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Mandela the extraordinary

MARION O'CALLAGHAN Monday, December 16 2013

A sermon by the Revd Lyder introduced me to apartheid. In South Africa, according to Revd Lyder, there was a battle within Christianity. There was Revd Dr Malan of the Dutch Reformed Church and one of the architects of apartheid. Against him was the Revd Michael Scott of the Anglican Church. He, arrested with others protesting those first apartheid laws, declared in his speech from the dock: “My God knows neither Jew nor Gentile, neither Black nor White.”

It was the treason trial. It was Chief Luthuli, Mandela’s predecessor at the helm of the ANC and himself the recipient of the Nobel Peace Prize, who called for a Defiance Campaign of non-violence against apartheid. The boycott was part of this. It was when non-violence failed that Nelson Mandela emerged as a leader of the ANC’s armed wing: the Spear of the Nation. He matured within the long battle against the racial oppression of the Apartheid State. Mandela did not act alone.

The ANC had fought racial discrimination since it was founded at the beginning of the 20th century. It was the lead organisation against apartheid in a coalition which included the Coloured People’s Congress, the Indian Congress, South Africa’s powerful Communist Party, African Trade Unions and “liberal” Whites. Mandela’s role as inspiration and unifier was crucial in uniting these. He was also extraordinary. He had spent 27 years in prison and was President for only one term.

Black Movements

Apartheid was separate development. To this the ANC replied with a non-racial South Africa. This brought them up against those who wished a Black South Africa: the Pan African Congress (PAC), certain aspects of the Black Consciousness Movement, the “necklacing” which nearly pitched Soweto into civil war, the Identity Movement of the Zulu chief Buthelezi. It became obvious that Black Identity movements not only threatened a non-racial South Africa but the State itself. This was the lesson from Angola. There UNITA which was a black splinter group from the MPLA, pitched the country into civil war, and allied with Apartheid South Africa. Only Cuban troops saved the whole of Southern Africa from disaster. Some Black American radicals and some Black Caribbean leaders backed UNITA, seen as a Black Movement. It was a serious failure of judgment.

Trinidad’s Dockers

One of the first to answer Luthuli’s non-violence appeal was Trinidad’s Waterfront and Dockers’ Trade Union. They refused to unload a South African ship which had sailed into Port-of-Spain’s harbour. My attempt to drum up religious support was less successful. Only one cleric, an Anglican from St Clement’s outside of San Fernando, showed some enthusiasm. An American Evangelical couple impressed on me that any opposition to apartheid was Satan inspired.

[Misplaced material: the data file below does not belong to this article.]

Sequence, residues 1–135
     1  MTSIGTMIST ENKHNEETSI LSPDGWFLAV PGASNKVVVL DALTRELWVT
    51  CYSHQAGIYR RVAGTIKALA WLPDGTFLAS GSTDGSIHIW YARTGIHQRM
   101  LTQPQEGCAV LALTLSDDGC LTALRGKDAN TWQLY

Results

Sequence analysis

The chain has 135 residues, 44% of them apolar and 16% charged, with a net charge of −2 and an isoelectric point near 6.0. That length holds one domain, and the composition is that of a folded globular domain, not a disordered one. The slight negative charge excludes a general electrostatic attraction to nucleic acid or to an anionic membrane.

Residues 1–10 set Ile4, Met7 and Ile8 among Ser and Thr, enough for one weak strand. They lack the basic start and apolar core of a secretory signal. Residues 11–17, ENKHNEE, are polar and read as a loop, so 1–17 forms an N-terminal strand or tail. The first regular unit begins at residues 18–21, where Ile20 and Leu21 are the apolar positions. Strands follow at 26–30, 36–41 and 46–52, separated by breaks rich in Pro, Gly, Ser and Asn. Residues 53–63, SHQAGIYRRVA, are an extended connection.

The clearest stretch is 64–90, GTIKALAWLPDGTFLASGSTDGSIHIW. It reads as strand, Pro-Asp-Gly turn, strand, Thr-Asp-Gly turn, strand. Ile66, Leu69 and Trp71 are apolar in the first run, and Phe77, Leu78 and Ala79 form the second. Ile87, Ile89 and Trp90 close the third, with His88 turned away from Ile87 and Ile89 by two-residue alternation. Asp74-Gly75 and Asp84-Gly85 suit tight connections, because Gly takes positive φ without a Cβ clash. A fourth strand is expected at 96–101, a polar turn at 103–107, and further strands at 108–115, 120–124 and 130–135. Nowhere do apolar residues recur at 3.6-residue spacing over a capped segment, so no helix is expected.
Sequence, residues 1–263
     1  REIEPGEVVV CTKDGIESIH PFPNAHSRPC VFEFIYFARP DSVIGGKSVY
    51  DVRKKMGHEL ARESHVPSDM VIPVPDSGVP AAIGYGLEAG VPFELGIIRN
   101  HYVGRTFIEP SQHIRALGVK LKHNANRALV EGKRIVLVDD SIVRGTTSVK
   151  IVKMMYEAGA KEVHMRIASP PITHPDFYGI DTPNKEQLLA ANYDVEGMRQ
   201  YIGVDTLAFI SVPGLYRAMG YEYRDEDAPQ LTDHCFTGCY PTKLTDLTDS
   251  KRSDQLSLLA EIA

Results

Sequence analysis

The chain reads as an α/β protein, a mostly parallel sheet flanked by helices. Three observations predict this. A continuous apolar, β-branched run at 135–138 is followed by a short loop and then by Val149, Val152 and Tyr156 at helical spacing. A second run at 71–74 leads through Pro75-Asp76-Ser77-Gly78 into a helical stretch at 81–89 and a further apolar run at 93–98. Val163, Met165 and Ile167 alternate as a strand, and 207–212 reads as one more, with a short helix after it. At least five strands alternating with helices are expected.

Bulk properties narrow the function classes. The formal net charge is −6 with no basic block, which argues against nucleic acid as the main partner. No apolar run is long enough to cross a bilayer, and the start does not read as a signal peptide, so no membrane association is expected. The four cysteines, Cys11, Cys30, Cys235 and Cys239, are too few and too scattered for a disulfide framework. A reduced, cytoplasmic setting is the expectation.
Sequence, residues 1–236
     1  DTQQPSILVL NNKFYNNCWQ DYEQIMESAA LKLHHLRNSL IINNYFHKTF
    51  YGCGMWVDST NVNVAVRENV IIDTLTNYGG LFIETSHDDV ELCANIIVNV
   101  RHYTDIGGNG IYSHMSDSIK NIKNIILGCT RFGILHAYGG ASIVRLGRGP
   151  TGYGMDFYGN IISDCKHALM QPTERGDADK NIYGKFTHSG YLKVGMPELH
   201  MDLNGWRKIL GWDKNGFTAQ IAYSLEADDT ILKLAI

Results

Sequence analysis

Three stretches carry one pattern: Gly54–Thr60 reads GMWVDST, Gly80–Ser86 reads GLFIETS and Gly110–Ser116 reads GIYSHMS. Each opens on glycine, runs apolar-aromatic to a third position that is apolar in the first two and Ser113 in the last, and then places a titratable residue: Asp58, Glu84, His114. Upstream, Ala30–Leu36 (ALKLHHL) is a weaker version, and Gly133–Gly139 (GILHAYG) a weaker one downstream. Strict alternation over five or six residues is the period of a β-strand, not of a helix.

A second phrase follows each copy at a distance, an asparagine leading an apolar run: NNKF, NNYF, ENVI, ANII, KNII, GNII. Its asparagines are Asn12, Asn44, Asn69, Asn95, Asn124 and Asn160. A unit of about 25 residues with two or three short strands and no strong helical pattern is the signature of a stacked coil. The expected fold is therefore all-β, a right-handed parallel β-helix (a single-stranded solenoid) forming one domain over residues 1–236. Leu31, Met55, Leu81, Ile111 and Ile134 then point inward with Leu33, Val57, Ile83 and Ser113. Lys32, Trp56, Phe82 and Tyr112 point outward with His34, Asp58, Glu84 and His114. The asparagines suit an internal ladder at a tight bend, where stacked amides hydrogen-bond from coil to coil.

PNM won the 1956 elections. I took the question of the boycott to Learie Constantine. He explained that if Trinidad joined the boycott, how would we get cheap wines?

Throughout the apartheid period, Trinidad was ambiguous. Only calypsonians remained steady. At international level we were remarkable — as was much of the Caribbean. The Methodist Revd. Phillip Potter of Antigua was the first non-European to lead the World Council of Churches. He launched a programme of assistance to victims of apartheid. He was supported by the Revd. Neehall of our Presbyterian Church. A number of pious Trini Christians, like some of their American counterparts, were horrified at what they saw as Revd Potter being “political” and the ANC as Communist.

At Home and Abroad

At the United Nations our delegates Eustace Seignoret and Frank Abdullah were important to both the campaign against apartheid in the anti-colonial struggle confined to Southern Africa. Back home, Seignoret joined the budding Anti-Apartheid Movement. Their attempt to protest against a White South African on the English cricket team ended with claims of police blows for some and the breaking up of protest. Ralph Romaine introduced a major boycott resolution at the UNESCO General Conference. It was watered down by Jamaica’s Hector Winter. I was in charge of the anti-apartheid programme at UNESCO. My own country was out of bounds for anti-apartheid or anti-colonial meetings. These could be held in China, India, Cuba, Venezuela or Tanzania. Not in Trinidad. No other country held as many anti-apartheid positions in the UN system. In few countries was there the enormous gap between what their nationals did abroad and what the many stood for at home. Few knew that Desmond Allum had shared Chambers with Nelson Mandela.

With all of the euphoria of Mandela’s near-canonisation, forgive me for thinking of Walter Sisulu and his wife, of Dulcie September blown up before a Paris elevator, of Ruth First blown up after a UNESCO meeting in Mozambique, of Samora Machel and Aquino da Bragania, blown out of the skies by South African agents. Yes, think of the many in whose martyred steps Peace and Justice walk. And wonder, where lead our own “separate” policies.

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